Updated: Jan 25, 2021
The heart is comprised of 4 chambers; 2 atria, which sit on 2 ventricles. An electrical “timekeeper”, called the sino-atrial node, is located at the top of the right atrium. This is the heart’s natural pacemaker, sending out regular electrical impulses that travel through pathways which run down the atria, through the ‘junction box’ of the heart (known as the AV node) and into the ventricles, allowing the heart to contract and relax regularly and pump blood around the body.
Normal Sinus Rhythm
Atrial flutter arises commonly owing to an abnormal ‘circuit’ in the right atrium and can be relatively easily cured by ablating (‘burning’) a small area/region/loci of tissue (termed the "Isthmus") in the heart between the tricuspid valve (TV) and the inferior vena cava (IVC).
Atrial flutter can occur with a variety of conditions, but it also often exists on its own in patients with no other apparent problem. It can be present with atrial fibrillation as well, and it is important to investigate and treat any underlying causes. Like atrial fibrillation, atrial flutter carries a risk of developing life-threatening blood clots and stroke. In at least 50% of patients, no underlying cause is found. Treatment can be by with medication,cardioversion, occasionally a pacemaker and increasingly with catheter ablation. Typical Atrial Flutter Catheter Ablation procedures have high procedural success rates with low concomitant complication rates.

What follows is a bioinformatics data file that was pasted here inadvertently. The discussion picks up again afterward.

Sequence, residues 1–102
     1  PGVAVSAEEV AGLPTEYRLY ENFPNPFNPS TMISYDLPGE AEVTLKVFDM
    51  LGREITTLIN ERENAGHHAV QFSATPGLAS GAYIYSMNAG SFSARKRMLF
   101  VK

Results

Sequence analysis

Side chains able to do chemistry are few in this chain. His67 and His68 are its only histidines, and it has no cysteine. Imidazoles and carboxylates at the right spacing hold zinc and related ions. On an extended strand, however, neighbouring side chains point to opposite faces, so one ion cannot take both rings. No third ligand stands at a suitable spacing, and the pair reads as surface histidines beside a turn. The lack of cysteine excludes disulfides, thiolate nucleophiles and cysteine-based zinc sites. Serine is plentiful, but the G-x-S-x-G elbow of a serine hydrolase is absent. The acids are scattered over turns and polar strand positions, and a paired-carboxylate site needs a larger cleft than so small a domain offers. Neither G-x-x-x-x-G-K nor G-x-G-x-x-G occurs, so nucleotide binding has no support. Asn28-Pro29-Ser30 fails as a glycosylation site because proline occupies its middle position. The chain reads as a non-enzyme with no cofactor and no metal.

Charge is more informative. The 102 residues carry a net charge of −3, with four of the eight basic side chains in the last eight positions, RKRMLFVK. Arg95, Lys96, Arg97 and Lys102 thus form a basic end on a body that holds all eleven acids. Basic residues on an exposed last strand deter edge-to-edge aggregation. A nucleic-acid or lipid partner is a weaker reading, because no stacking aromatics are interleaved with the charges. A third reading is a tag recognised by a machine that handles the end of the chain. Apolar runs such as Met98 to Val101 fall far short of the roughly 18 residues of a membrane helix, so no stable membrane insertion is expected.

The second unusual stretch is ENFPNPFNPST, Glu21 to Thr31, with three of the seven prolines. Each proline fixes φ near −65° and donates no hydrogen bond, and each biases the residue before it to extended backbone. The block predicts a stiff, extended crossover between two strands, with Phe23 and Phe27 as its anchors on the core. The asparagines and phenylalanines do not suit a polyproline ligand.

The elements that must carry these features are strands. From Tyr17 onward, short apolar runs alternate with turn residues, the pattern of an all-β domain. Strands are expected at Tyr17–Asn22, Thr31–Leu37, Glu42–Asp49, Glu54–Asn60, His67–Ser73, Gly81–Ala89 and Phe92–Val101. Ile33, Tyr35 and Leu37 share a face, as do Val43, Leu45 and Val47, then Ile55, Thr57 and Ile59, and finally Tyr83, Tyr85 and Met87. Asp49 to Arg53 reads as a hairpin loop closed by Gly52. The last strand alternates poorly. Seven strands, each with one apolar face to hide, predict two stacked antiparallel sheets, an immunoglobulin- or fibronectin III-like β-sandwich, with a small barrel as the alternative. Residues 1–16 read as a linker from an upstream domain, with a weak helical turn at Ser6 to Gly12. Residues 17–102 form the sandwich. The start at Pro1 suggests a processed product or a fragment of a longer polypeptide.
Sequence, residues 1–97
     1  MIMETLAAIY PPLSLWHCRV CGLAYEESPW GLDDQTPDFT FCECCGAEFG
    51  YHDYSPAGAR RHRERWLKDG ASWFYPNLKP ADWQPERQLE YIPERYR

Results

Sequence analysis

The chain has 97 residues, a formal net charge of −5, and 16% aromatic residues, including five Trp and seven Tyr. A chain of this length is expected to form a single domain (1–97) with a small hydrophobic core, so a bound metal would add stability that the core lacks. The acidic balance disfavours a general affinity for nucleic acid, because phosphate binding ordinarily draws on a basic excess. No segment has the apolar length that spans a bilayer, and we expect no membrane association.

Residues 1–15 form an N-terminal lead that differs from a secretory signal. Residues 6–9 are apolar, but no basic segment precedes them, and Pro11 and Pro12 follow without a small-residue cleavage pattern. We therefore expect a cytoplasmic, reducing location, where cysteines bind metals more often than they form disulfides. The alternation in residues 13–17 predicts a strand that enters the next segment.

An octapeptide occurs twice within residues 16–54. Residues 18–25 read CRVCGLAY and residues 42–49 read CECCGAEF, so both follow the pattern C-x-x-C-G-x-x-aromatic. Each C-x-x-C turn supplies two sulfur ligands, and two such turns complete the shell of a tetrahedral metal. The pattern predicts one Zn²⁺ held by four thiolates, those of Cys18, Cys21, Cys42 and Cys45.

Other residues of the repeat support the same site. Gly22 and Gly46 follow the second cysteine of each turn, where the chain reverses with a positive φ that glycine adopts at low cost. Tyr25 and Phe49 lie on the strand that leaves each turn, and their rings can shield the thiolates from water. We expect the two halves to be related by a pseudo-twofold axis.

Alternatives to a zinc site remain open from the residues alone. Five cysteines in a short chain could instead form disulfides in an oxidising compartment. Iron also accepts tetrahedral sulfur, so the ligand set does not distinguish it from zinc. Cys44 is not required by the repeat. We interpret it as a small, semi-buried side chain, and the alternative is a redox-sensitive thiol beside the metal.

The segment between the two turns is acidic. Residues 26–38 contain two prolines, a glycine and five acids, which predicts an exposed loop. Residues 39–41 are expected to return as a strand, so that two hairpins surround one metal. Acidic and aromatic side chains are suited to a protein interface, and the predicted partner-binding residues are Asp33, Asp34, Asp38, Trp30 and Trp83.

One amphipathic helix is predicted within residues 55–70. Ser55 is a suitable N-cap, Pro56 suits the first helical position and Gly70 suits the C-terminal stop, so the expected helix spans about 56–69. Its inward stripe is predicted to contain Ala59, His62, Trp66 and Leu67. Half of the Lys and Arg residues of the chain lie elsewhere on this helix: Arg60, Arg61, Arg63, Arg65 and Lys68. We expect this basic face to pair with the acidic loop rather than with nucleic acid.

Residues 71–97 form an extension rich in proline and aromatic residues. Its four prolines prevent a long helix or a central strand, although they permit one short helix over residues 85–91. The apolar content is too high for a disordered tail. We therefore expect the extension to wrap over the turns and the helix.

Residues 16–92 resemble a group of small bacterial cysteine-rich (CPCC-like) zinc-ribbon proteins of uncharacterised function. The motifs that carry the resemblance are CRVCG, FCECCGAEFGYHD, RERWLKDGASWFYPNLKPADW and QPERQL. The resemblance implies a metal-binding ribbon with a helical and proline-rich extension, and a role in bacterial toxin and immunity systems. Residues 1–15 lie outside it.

The Figure below depicts the area of interest in the right side of the heart created using 3D Mapping within the heart. The yellow dots depict the normal conduction area of the heart close to the AV node which is marked to know where to avoid ablation energy delivery. The red dots and salmon pink dots depict a straight line delivered in sequential lesions (each dot is one lesion) to create a line of block and disconnect the Right Atrial Flutter circuit.
This figure depicts a 3D map of the heart using a different mapping system. The signals below in the white colour depict the final lesion delivery that led to the quietening of electrical activity within the area of interest and resumption of the regular heart electrical conductivity through normal heart circuit between the atria and the ventricle (turquoise coloured signals at the bottom).